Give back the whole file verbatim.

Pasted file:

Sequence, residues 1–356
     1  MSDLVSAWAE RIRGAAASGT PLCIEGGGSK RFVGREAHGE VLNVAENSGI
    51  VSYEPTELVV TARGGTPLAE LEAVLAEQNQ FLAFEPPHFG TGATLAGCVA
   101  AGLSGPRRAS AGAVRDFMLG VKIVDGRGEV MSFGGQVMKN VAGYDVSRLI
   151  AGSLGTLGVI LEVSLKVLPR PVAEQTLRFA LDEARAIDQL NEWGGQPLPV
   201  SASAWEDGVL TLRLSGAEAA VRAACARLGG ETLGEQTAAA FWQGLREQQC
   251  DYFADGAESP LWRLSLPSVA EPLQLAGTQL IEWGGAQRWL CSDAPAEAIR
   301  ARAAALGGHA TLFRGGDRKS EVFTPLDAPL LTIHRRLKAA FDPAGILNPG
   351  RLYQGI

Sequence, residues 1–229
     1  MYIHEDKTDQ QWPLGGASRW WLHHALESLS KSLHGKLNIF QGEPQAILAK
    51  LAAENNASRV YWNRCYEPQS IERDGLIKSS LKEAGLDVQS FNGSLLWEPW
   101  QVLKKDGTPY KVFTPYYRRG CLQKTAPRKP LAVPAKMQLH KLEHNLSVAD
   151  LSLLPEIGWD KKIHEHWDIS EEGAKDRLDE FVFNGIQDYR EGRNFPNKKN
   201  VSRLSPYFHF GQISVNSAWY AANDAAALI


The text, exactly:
Sequence, residues 1–356
     1  MSDLVSAWAE RIRGAAASGT PLCIEGGGSK RFVGREAHGE VLNVAENSGI
    51  VSYEPTELVV TARGGTPLAE LEAVLAEQNQ FLAFEPPHFG TGATLAGCVA
   101  AGLSGPRRAS AGAVRDFMLG VKIVDGRGEV MSFGGQVMKN VAGYDVSRLI
   151  AGSLGTLGVI LEVSLKVLPR PVAEQTLRFA LDEARAIDQL NEWGGQPLPV
   201  SASAWEDGVL TLRLSGAEAA VRAACARLGG ETLGEQTAAA FWQGLREQQC
   251  DYFADGAESP LWRLSLPSVA EPLQLAGTQL IEWGGAQRWL CSDAPAEAIR
   301  ARAAALGGHA TLFRGGDRKS EVFTPLDAPL LTIHRRLKAA FDPAGILNPG
   351  RLYQGI

Sequence, residues 1–229
     1  MYIHEDKTDQ QWPLGGASRW WLHHALESLS KSLHGKLNIF QGEPQAILAK
    51  LAAENNASRV YWNRCYEPQS IERDGLIKSS LKEAGLDVQS FNGSLLWEPW
   101  QVLKKDGTPY KVFTPYYRRG CLQKTAPRKP LAVPAKMQLH KLEHNLSVAD
   151  LSLLPEIGWD KKIHEHWDIS EEGAKDRLDE FVFNGIQDYR EGRNFPNKKN
   201  VSRLSPYFHF GQISVNSAWY AANDAAALI